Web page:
The bodies of Captain Dara Fitzpatrick and Captain Mark Duffy were recovered after the crash, but winch operator Paul Ormsby and winchman Ciarán Smith are still missing in spite of extensive searches.

The inquest was formally opened in April 2018 but was adjourned - after a brief sitting and issue of death certificates - to allow for completion of the Air Accident Investigation Unit report and Garda investigations.

The Garda investigation was completed in April 2019 and a file was sent to the Director of Public Prosecutions, but no prosecutions were recommended.

There were 42 recommendations in the 350-page Air Accident Investigation Unit (AAIU) report - 19 applying to the air crew’s employer, CHC Ireland, which holds the Irish Coast Guard contract for four helicopter search and rescue bases.

The AAIU report found the “probable” cause of the crash was a combination of poor weather, the helicopter’s altitude and the crew being unaware of a 282 ft obstacle – as in Blackrock island – on a pre-programmed route guide to Blacksod.

Read the RTÉ News report here

Published in Coastguard
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The Irish Coast Guard has said that a fixed-wing aircraft assisting in the search for a solo sailor participating in the OSAR transatlantic race last weekend was despatched by the British authorities.

It was responding to queries about whether the Air Corps had been considered for top cover in the multi-agency rescue, which involved a 14-hour-long mission for the RNLI Achill lifeboat as Afloat reported here.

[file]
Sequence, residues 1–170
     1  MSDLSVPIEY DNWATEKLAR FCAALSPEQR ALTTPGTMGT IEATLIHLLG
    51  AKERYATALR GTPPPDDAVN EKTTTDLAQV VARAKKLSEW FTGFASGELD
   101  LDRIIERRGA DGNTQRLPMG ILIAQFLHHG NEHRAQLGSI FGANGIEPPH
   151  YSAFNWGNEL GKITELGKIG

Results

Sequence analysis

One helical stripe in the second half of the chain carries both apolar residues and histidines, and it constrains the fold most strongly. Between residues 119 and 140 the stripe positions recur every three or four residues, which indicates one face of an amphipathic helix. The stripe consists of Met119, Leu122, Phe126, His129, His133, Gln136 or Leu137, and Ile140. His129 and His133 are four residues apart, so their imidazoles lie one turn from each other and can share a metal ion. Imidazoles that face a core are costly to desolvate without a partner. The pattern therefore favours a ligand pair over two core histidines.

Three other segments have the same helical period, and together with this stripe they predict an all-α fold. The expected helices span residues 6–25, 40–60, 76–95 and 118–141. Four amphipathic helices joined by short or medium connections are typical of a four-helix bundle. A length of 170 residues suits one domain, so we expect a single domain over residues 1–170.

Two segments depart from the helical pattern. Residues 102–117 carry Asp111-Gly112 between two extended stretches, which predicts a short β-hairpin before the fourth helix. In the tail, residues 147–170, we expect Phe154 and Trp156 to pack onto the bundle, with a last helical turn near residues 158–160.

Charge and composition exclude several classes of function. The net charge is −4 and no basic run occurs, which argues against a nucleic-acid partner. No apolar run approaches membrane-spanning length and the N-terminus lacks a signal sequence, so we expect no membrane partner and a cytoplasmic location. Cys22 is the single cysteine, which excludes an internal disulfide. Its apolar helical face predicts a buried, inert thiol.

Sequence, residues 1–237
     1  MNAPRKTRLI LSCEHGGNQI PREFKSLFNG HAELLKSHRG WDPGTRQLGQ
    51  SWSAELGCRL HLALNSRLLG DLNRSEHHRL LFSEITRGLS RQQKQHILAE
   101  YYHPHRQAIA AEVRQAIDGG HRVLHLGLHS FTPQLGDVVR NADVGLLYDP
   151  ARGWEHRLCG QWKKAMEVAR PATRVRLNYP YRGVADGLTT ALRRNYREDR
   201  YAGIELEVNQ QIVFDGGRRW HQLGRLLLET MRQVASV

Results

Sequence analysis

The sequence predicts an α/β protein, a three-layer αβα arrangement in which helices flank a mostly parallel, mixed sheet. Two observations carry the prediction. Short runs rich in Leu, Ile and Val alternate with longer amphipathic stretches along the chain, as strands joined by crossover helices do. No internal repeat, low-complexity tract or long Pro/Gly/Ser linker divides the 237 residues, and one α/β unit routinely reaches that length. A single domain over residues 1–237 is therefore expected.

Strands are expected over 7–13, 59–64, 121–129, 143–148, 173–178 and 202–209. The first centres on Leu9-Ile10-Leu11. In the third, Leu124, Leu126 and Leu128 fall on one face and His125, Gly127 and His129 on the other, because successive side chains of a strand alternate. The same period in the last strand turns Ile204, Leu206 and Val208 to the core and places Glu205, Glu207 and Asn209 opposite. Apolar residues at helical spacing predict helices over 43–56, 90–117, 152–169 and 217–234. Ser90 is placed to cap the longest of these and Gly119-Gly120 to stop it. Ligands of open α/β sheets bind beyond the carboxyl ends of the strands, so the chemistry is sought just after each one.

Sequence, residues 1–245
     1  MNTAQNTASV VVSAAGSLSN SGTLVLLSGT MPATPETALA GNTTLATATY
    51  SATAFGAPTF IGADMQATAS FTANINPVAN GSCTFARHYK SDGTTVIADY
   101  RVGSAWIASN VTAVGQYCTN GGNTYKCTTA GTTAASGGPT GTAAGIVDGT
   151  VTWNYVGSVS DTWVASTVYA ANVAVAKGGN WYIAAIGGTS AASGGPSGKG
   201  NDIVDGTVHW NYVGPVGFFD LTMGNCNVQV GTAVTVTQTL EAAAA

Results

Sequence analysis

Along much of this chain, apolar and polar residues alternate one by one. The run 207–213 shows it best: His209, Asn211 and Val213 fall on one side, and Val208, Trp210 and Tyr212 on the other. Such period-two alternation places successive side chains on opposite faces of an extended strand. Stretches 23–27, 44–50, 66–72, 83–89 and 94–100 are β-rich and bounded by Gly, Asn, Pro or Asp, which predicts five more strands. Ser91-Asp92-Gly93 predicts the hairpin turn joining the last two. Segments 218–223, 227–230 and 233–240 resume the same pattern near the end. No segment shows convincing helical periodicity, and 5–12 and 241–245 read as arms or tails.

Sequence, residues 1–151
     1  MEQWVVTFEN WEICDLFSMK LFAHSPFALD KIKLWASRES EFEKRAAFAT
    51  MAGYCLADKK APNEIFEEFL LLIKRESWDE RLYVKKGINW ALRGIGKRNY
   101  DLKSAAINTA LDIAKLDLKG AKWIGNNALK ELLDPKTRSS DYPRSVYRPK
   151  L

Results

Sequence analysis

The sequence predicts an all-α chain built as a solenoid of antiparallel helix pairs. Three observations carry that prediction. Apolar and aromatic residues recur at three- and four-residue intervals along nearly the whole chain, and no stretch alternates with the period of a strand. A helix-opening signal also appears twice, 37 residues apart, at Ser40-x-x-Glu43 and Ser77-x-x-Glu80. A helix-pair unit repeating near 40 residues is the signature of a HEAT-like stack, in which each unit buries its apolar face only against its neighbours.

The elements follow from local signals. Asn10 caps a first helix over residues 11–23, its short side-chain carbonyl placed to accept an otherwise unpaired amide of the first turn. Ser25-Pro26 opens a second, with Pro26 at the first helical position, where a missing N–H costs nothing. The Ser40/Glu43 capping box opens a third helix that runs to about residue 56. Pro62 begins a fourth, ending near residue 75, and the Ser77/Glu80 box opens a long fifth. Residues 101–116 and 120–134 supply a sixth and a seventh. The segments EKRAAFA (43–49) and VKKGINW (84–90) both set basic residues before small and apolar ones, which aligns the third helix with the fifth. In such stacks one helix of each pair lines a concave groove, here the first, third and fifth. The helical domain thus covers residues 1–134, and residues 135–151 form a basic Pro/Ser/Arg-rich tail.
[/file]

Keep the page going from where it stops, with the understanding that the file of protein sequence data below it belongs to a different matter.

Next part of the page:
The Defence Forces press office has confirmed that no request was received for the Air Corps to assist in the operation, which began on Saturday morning last when MRCC Dublin received a request to assist in locating the yacht, Cariberia.

The Air Corps had a fixed-wing aircraft available, and would have been able to respond if requested, the Defence Forces press office said.

The yacht with one sailor on board was competing in the OSTAR race from Plymouth in Britain to Newport Rhode in north America.

In a statement on behalf of the Irish Coast Guard, the Department of Transport said that the vessel’s last known position was approximately 175 nautical miles northwest of Downpatrick Head in Co Antrim.

“Shortly thereafter the vessel indicated an intention to return to the UK,” the statement said.

“Subsequently all contact was lost with the vessel. MRCC Dublin requested a communication search [should] be initiated by MRSC Malin Head as it was suspected the vessel could be off the northwest coast of Ireland,” it said.

“MRSC Malin Head commenced the communication search on medium frequency 2182khz, VHF Ch16, Navtex and by trying to contact the vessel by mobile phone,” it said.

“A UK Coastguard fixed wing aircraft R99 was also despatched by UK authorities to assist in the search,” it said.

“ On Sunday, the aircraft spotted the vessel approximately 32 nautical miles west of Achill Island, Co Mayo, and MRSC Malin Head tasked R118 from Sligo along with Achill island lifeboat,” it said.

“R118 made contact with the skipper who advised that the vessel had lost all power. The Achill island lifeboat proceeded to the vessel's position and secured a tow line,” it said.